Remember the lofty days of office real estate prior to gas hikes and the Great Recession? Six years ago you couldn’t find a decent office building in Los Angeles, and prices surged…then the plunged. Now they’re stepping out of the basement…or perhaps gliding. Analysts say class A office buildings may set the pace for investment sales through the end of the year. Already class A office sales have rebounded after average-per-square-foot prices fell to about $248 per square foot.
Los Angeles is recovering well enough. The median county-wide asking price for office properties is $265 per sq ft, while metro L.A. office is boasting a current median price of $311 per sq. ft. This is an increase of +15.3% compared to last year’s prices.
Part of our growth can be contributed to increased employment. The year-over-year change showed an increase of 223,900 jobs (SA) in California, which equates to a growth rate of 1.5%, slightly below the national rate of 1.6%. The state’s private sector added 236,300 jobs over the year, while government employment declined by 12,400 jobs.
In Los Angeles County, the seasonally adjusted unemployment rate in August rose to 10.1% from 9.9% in July. A year ago, the unemployment rate stood at 10.9%.
According to analysis from Jones Lang LaSalle, renewed investor interest in Class A office property in the first half of 2013 was bolstered by overseas investors, taking advantage of discounted prices following the recession. Capital from Germany, the Middle East and South Korea has been particularly evident in primary markets.
“With institutions, private equity, high-net-worth individuals and foreign investors all in aggressive pursuit of commercial real estate, transaction activity in the United States should remain brisk and continue to grow,” said Jay Koster, Americas president for capital markets at Jones Lang LaSalle. “In particular, we expect office sales transactions to significantly boost volume in the second half of the year, with activity propelled by improving employment growth within the technology, health care and energy sectors.”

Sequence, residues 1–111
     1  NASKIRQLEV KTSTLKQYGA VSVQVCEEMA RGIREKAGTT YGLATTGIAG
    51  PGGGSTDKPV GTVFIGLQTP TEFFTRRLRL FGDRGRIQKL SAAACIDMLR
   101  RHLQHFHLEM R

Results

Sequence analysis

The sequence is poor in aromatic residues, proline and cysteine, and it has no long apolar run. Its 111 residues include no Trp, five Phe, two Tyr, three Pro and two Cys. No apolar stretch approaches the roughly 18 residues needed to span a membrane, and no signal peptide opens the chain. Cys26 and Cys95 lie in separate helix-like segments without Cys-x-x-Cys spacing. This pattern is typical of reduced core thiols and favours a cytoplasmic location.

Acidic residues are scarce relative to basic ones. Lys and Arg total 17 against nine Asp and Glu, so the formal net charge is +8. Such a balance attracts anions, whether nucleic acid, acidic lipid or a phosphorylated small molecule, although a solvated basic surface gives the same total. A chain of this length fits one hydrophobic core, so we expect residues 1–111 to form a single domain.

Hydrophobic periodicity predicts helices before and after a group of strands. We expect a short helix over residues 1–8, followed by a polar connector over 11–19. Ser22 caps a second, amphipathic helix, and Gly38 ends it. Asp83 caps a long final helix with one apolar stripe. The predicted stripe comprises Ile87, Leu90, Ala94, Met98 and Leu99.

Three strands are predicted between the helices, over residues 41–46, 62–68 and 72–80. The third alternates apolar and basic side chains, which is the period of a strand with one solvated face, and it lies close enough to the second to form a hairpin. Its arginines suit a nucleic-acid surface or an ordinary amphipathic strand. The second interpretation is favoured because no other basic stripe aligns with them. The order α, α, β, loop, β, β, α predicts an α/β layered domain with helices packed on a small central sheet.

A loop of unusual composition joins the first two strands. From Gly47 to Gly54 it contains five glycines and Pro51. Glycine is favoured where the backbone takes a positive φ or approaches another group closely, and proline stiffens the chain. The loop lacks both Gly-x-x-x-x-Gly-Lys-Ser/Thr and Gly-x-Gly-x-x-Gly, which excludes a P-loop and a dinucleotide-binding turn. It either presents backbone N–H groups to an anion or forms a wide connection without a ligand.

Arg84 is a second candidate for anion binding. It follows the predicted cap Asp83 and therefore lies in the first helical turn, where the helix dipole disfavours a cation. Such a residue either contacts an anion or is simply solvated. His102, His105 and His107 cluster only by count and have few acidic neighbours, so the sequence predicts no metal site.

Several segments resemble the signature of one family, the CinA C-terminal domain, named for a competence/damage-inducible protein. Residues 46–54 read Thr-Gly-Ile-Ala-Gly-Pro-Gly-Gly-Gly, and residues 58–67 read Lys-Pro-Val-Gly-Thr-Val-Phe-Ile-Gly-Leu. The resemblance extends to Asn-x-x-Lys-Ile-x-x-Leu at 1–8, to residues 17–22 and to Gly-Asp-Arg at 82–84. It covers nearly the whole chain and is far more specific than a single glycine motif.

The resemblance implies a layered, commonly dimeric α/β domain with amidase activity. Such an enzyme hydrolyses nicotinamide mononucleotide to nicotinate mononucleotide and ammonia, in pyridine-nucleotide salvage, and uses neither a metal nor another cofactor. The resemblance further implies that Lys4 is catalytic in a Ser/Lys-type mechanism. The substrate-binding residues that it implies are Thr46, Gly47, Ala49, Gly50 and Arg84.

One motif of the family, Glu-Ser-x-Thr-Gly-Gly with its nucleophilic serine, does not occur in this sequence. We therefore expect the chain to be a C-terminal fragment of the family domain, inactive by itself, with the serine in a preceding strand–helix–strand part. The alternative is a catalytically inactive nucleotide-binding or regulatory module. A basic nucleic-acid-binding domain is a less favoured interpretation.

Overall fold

The volume of properties available for sale in the Los Angeles area is another factor that should contribute to a rising price point. The total dollar volume of office real estate for sale is down -15.5% from a year ago.
Colliers said it sees the greatest opportunities in the ‘intellectual capital,’ energy and education markets. These include technology and education hubs such as Los Angeles’ Silicon Beach, as well as San Francisco, Silicon Valley, Austin, Boston and Raleigh-Durham; not to mention energy hubs like Houston and Denver.
It’s going to take time for office real estate to rise to its pre-recession highs – meaning there is value to be had for buyers.
For more information please contact Jodi Summers and the SoCal Investment Real Estate Group @ Sotheby’s International Realty – firstname.lastname@example.org or 310.392.1211, and let us move forward together.
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